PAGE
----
Which country has the larger economy. Based on 2019 GDP China’s economy is about 2/3 the size of the USA but when adjusted for PPP (purchasing power parity) is about 1/3 bigger. In other words the PPP adjustment doubles the size of China’s economy relative to the US. But is this correct?

Using the expenditure method the US GDP ($21,729bn in 2019) is made up of approximately 66% personal consumption (of which 20% goods and 46% services), 17% investment and 17% Government expenditure (of which 3% is investment and 14% current expenditure). (St Louis Fed)

Let’s look at some facts!


China consumes:

  • 30 times as much cement per annum as the US (World Cement)
  • 11 times as much steel (World Steel)
  • 8 times as much aluminium (World Aluminium)

China accounts for half of the world’s demand for flat glass, copper, nickel, tungsten, cobalt and rare earth metals and is also the largest consumer of zinc and tin.

All of the above indicate what is well known - that China has an enormous building boom with high rise buildings shooting up in cities all over the country where once stood mud huts. This is accompanied by massive infrastructure investments in road, rail, drainage, power generation and transmission, telecommunications etc. In addition China is also the workshop of the world with a manufacturing workforce eight times that of the US (Brookings; West & Lansang, July 2018) that is also competitive internationally based on costs and productivity.

Why then does the PPP figure not indicate an economy multiple times bigger than that of the US? There are several reasons:

(i) The PPP adjustment is made by taking a basket of goods and services in different countries and comparing their prices. These are then weighted to determine an average. However if the weighting in the basket changes then so will the answer. Most of the activity described above will not be picked up by the PPP method since that method is weighted towards consumption. Investment is weighted based on it’s share in the developed countries.

(ii) There are indications that China understates it’s building sector in it’s GDP by as much as a factor of four with several contradictory figures on the government’s own website. (data.stats.gov.cn)

(iii) A major share of the services component of GDP in the US is made up of health and education but how do you compare these with China. There is actual spending on these sectors and then there is the cost but given that China has four times the population who live almost as long and whose younger generations have comparable levels of educational attainment as in the US would it not be fair to say that spending adjusted for cost should show the Chinese sectors almost four times as large?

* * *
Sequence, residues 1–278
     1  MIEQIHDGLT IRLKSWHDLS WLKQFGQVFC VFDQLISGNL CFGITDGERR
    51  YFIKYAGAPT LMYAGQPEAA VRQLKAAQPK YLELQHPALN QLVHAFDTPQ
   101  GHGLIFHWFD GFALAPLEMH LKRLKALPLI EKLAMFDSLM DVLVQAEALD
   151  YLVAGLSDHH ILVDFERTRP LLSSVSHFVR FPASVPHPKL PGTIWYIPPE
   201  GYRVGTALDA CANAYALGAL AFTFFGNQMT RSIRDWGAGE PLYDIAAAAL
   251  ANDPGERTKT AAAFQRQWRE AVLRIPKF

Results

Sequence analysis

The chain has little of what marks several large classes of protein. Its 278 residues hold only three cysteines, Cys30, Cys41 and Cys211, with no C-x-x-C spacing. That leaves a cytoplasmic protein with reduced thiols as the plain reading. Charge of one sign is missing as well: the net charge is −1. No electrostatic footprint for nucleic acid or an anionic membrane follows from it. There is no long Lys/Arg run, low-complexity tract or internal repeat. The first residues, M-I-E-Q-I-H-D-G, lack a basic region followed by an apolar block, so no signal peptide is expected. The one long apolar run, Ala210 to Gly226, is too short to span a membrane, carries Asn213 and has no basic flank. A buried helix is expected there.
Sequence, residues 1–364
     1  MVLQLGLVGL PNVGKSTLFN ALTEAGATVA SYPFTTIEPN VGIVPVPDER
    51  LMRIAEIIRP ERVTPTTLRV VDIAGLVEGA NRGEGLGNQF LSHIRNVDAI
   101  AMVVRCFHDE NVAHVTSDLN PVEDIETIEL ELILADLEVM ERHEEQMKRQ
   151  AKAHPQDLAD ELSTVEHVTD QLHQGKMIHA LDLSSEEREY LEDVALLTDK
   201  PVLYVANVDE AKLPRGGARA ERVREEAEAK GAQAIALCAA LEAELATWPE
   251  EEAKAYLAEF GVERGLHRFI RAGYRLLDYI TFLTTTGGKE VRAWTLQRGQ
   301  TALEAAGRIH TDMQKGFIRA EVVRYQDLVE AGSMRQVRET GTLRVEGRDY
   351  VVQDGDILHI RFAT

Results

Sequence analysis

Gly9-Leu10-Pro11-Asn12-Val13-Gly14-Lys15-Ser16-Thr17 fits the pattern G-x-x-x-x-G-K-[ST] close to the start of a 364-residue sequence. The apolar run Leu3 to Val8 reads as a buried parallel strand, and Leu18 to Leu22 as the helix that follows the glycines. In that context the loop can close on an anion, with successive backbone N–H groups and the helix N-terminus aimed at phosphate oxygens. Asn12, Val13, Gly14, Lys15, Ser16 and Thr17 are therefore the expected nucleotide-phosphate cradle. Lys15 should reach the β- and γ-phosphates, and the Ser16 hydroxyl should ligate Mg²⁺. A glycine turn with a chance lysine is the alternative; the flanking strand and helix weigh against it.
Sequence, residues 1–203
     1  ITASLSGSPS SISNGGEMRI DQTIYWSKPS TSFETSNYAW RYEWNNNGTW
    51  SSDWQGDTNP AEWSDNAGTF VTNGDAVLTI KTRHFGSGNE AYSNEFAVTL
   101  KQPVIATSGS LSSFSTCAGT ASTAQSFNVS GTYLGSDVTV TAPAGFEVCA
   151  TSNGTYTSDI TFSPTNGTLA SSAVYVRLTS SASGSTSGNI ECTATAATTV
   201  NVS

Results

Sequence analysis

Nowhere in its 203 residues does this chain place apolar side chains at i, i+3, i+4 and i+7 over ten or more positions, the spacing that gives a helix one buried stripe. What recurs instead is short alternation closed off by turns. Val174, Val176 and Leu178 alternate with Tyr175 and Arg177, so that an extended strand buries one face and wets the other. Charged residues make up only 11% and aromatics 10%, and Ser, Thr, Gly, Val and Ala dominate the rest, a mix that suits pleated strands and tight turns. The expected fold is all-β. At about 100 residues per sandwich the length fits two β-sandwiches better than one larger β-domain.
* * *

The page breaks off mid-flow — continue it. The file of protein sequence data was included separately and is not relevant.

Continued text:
In order to get a meaningful comparison between the two economies it is necessary, in my view, to set out a number of underlying assumptions:

(a) Comparisons of services should be excluded on the grounds that in market economies services innovation will occur in any event and a cost/quality comparison leads nowhere.

(b) The PPP comparisons should apply to the consumption of durable and non-durable goods only.

(c) Construction investment should be calculated by taking the US as the base and by quantifying in square meters and square kilometres the volume of construction in any year. The corresponding volume for China (or any other country) would then be determined as a multiple or fraction of this volume. This multiple or fraction would then be applied to the US construction GDP instead of the PPP. In the case of China, given the known inputs of cement, steel etc, we would be talking about a factor of 13 times or more.

(d) We are assuming that in construction, manufacturing and R&D there are no productivity differences. In fact, in developing countries lower productivity tends to be a phenomenon in the agricultural and retail sectors but less so if at all in construction and manufacturing.

Regarding industrial capital and equipment China invests about three times as much as the US based on GDP at market value (Mondor Intelligence) but China’s industrial wages are only one quarter of US wages. Such investments absorb a proportionate share of China’s enormous metals consumption and therefore, in real terms, they are many times larger than the US - let’s say 10 times.

On the R&D side this can be adjusted on a PPP basis (assuming the underlying data are directly comparable) but for this article I have assumed that China’s figure is the same as the US figure.

Thus we have the following: 


Now it can be seen from the table that using this methodology China’s economy, ignoring services, is more than four times as large as the US economy.

Latin Report is not legally responsible for any decisions taken based on the views offered here or in our Reports.

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